25 Apr 2023
 | 25 Apr 2023
Status: this preprint is open for discussion and under review for Atmospheric Chemistry and Physics (ACP).

Aerosol Effective Radiative Forcings in CMIP Models

Mark D. Zelinka, Christopher J. Smith, Yi Qin, and Karl E. Taylor

Abstract. Uncertainty in the effective radiative forcing (ERF) of climate primarily arises from the unknown contribution of aerosols, which impact radiative fluxes directly and through modifying cloud properties. Climate model simulations with fixed sea surface temperatures but perturbed atmospheric aerosol loadings allow for an estimate of how strongly the planet’s radiative energy budget has been perturbed by the increase in aerosols since pre-industrial times. The approximate partial radiative perturbation (APRP) technique further decomposes the contributions to the direct forcing from aerosol scattering and absorption, and to the indirect forcing from aerosol-induced changes in cloud scattering, amount, and absorption, as well as the effects of aerosols on surface albedo. Here we evaluate previously published APRP-derived estimates of aerosol effective radiative forcings from these simulations and find that they are slightly biased as a result of large but compensating errors. These biases are largest for the aerosol direct effect owing to underestimated aerosol absorption. Correcting these biases eliminates the residuals and leads to better agreement with ground-truth estimates derived from double-calls to the radiation code. The APRP method – when properly implemented – remains a highly accurate and efficient technique for diagnosing aerosol ERF in cases where double radiation calls are not available, and in all cases it provides quantification of the individual contributors to the ERF that are highly useful but not otherwise available.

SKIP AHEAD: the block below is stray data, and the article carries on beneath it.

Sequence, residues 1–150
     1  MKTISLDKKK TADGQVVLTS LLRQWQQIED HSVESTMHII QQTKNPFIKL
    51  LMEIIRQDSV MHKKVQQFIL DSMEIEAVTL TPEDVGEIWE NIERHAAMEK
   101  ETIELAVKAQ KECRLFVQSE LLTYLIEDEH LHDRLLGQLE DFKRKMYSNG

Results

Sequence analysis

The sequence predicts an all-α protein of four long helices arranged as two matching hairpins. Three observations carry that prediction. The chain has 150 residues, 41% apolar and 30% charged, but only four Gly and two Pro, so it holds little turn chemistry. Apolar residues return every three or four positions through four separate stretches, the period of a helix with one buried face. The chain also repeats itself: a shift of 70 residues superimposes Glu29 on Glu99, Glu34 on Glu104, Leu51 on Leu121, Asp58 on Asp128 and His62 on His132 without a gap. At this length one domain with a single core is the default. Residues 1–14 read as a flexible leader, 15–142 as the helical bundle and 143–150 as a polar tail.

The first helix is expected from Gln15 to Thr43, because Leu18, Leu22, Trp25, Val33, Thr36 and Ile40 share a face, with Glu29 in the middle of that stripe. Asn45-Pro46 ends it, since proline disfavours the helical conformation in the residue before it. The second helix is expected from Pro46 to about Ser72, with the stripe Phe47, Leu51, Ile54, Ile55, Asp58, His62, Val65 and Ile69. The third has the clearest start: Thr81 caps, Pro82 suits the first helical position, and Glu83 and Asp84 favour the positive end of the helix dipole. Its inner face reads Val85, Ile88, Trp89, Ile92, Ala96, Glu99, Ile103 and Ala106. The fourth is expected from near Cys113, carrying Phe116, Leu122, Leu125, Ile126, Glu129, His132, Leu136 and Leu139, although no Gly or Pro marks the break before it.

Mark D. Zelinka et al.

Status: open (until 06 Jun 2023)

Comment types: AC – author | RC – referee | CC – community | EC – editor | CEC – chief editor | : Report abuse
  • RC1: 'Comment on egusphere-2023-689', Anonymous Referee #1, 17 May 2023 reply
  • RC2: 'Comment on egusphere-2023-689', Anonymous Referee #2, 30 May 2023 reply

Mark D. Zelinka et al.

Mark D. Zelinka et al.


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Short summary
The primary uncertainty in how strongly Earth's climate has been perturbed by human activities comes from the unknown radiative impact of aerosol changes. Accurately quantifying these forcings – and their sub-components – in climate models is crucial for understanding the past and future simulated climate. In this study we describe biases in previously published estimates of aerosol radiative forcing in climate models and provide corrected estimates along with code for users to compute them.